Leo P. Kadanoff
|Born||January 14, 1937|
New York City, New York
|Died||October 26, 2015 (aged 78) |
|Alma mater||Harvard University|
|Known for||Renormalization group theory of phase transitions|
Application of operator algebras in statistical mechanics
|Awards||Wolf Prize in Physics (1980)|
Elliott Cresson Medal(1986)
Lars Onsager Prize (1998)
Lorentz Medal (2006)
Isaac Newton Medal (2011)
|Institutions||University of Chicago|
|Doctoral advisor||Paul Martin|
Leo Philip Kadanoff (January 14, 1937 – October 26, 2015) was an American physicist. He was a professor of physics (emeritus from 2004) at the University of Chicago and a former President of the American Physical Society (APS). He contributed to the fields of statistical physics, chaos theory, and theoretical condensed matter physics.
Kadanoff was raised in New York City. He received his undergraduate degree and doctorate in physics from Harvard University. After a post-doctorate at the Niels Bohr Institute in Copenhagen, he joined the physics faculty at the University of Illinois in 1965.
Kadanoff's early research focused upon superconductivity. In the late 1960s, he studied the organization of matter in phase transitions. Kadanoff demonstrated that sudden changes in material properties (such as the magnetization of a magnet or the boiling of a fluid) could be understood in terms of scaling and universality. With his collaborators, he showed how all the experimental data then available for the changes, called second-order phase transitions, could be understood in terms of these two ideas. These same ideas have now been extended to apply to a broad range of scientific and engineering problems, and have found numerous and important applications in urban planning, computer science, hydrodynamics, biology, applied mathematics and geophysics. In recognition of these achievements, he won the Buckley Prize of the American Physical Society (1977), the Wolf Prize in Physics (1980), the 1989 Boltzmann Medal of the International Union of Pure and Applied Physics, and the 2006 Lorentz Medal.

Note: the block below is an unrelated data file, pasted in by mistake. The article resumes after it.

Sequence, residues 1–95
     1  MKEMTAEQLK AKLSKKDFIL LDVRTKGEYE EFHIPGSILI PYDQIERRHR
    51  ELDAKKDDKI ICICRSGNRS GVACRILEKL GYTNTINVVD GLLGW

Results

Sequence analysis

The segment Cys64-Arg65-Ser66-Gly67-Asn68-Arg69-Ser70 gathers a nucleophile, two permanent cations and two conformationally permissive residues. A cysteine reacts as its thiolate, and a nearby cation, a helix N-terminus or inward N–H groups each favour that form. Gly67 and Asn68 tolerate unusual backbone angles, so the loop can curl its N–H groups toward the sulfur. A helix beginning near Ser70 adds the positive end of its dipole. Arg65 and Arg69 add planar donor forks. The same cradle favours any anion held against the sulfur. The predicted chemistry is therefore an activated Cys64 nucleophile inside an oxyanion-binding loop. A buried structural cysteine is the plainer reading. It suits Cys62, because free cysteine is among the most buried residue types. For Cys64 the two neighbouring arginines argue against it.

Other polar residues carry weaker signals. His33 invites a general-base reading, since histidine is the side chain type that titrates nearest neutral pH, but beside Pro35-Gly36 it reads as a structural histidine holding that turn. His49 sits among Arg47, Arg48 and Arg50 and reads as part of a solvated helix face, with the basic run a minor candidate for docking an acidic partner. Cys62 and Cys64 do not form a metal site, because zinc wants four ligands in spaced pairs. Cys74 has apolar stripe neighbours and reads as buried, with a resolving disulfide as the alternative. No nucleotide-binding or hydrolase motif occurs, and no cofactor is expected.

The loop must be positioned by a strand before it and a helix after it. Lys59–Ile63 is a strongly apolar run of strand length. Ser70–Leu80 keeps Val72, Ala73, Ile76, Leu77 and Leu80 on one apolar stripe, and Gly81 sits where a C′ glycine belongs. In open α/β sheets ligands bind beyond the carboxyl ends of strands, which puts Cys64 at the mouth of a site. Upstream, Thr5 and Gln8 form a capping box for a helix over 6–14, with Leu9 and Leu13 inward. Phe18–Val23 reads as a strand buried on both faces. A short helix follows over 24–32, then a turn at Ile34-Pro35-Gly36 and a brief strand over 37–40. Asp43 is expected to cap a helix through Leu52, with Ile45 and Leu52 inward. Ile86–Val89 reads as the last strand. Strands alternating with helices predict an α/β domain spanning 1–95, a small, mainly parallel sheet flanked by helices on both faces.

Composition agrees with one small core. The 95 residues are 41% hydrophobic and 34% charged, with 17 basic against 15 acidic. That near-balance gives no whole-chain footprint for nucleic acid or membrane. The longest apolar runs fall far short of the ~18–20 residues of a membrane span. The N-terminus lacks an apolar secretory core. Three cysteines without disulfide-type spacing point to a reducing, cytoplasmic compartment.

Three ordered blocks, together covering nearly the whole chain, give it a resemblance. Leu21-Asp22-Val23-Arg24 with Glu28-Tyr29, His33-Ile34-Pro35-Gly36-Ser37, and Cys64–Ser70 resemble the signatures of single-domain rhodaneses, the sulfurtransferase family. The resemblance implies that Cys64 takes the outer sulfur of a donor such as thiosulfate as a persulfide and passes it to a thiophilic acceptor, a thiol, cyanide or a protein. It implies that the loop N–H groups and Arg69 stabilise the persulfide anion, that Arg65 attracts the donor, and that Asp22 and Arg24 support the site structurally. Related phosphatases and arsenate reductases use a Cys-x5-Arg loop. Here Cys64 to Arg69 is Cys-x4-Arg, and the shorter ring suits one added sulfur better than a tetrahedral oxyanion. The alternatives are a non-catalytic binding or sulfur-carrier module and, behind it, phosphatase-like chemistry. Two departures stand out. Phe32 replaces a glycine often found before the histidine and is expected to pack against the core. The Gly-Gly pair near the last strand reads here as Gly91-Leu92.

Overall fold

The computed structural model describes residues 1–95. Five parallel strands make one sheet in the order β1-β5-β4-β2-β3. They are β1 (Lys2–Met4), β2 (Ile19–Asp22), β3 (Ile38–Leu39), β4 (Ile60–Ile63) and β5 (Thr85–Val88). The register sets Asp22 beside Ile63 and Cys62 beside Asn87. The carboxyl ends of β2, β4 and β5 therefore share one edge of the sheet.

In 1969 he moved to Brown University. He exploited mathematical analogies between solid state physics and urban growth to shed insights into the latter field, so much so that he contributed substantially to the statewide planning program in Rhode Island. In 1978 he moved to the University of Chicago, where he became the John D. and Catherine T. MacArthur Distinguished Service Professor of Physics and Mathematics. Much of his work in the second half of his career involved contributions to chaos theory, in both mechanical and fluid systems. He was elected a Fellow of the American Academy of Arts and Sciences in 1982.
He was one of the recipients of the 1999 National Medal of Science, awarded by President Clinton. He is a member of the National Academy of Sciences and of the American Philosophical Society as well as being a Fellow of the American Physical Society and of the American Association for the Advancement of Science. During the last decade, he has received the Quantrell Award (for excellence in teaching) from the University of Chicago, the Centennial Medal of Harvard University, the Lars Onsager Prize of the American Physical Society, and the Grande Medaille d'Or of the Académie des sciences de l'Institut de France.
In June 2013, it was stated that anonymous donors had provided a $3.5 million gift to establish the Leo Kadanoff Center for Theoretical Physics at the University of Chicago. He died after complications from an illness on October 26, 2015.